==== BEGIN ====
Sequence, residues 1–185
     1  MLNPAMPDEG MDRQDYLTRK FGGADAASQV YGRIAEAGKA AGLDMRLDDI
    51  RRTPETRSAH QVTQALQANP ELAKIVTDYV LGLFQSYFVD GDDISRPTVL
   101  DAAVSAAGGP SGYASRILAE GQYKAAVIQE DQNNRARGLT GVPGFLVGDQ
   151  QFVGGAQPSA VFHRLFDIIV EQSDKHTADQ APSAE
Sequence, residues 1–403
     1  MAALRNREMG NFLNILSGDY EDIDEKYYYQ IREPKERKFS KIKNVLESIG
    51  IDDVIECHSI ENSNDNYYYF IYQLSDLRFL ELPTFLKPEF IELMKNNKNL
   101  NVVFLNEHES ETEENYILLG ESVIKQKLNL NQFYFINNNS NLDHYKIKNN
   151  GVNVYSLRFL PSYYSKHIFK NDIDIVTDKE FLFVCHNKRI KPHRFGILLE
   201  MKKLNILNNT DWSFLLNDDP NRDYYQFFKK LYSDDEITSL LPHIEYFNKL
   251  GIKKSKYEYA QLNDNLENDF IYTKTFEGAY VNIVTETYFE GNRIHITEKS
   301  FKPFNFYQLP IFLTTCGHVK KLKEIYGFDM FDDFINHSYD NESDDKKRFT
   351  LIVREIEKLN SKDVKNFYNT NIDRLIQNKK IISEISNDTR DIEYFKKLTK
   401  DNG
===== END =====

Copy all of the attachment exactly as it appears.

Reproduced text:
Sequence, residues 1–185
     1  MLNPAMPDEG MDRQDYLTRK FGGADAASQV YGRIAEAGKA AGLDMRLDDI
    51  RRTPETRSAH QVTQALQANP ELAKIVTDYV LGLFQSYFVD GDDISRPTVL
   101  DAAVSAAGGP SGYASRILAE GQYKAAVIQE DQNNRARGLT GVPGFLVGDQ
   151  QFVGGAQPSA VFHRLFDIIV EQSDKHTADQ APSAE
Sequence, residues 1–403
     1  MAALRNREMG NFLNILSGDY EDIDEKYYYQ IREPKERKFS KIKNVLESIG
    51  IDDVIECHSI ENSNDNYYYF IYQLSDLRFL ELPTFLKPEF IELMKNNKNL
   101  NVVFLNEHES ETEENYILLG ESVIKQKLNL NQFYFINNNS NLDHYKIKNN
   151  GVNVYSLRFL PSYYSKHIFK NDIDIVTDKE FLFVCHNKRI KPHRFGILLE
   201  MKKLNILNNT DWSFLLNDDP NRDYYQFFKK LYSDDEITSL LPHIEYFNKL
   251  GIKKSKYEYA QLNDNLENDF IYTKTFEGAY VNIVTETYFE GNRIHITEKS
   301  FKPFNFYQLP IFLTTCGHVK KLKEIYGFDM FDDFINHSYD NESDDKKRFT
   351  LIVREIEKLN SKDVKNFYNT NIDRLIQNKK IISEISNDTR DIEYFKKLTK
   401  DNG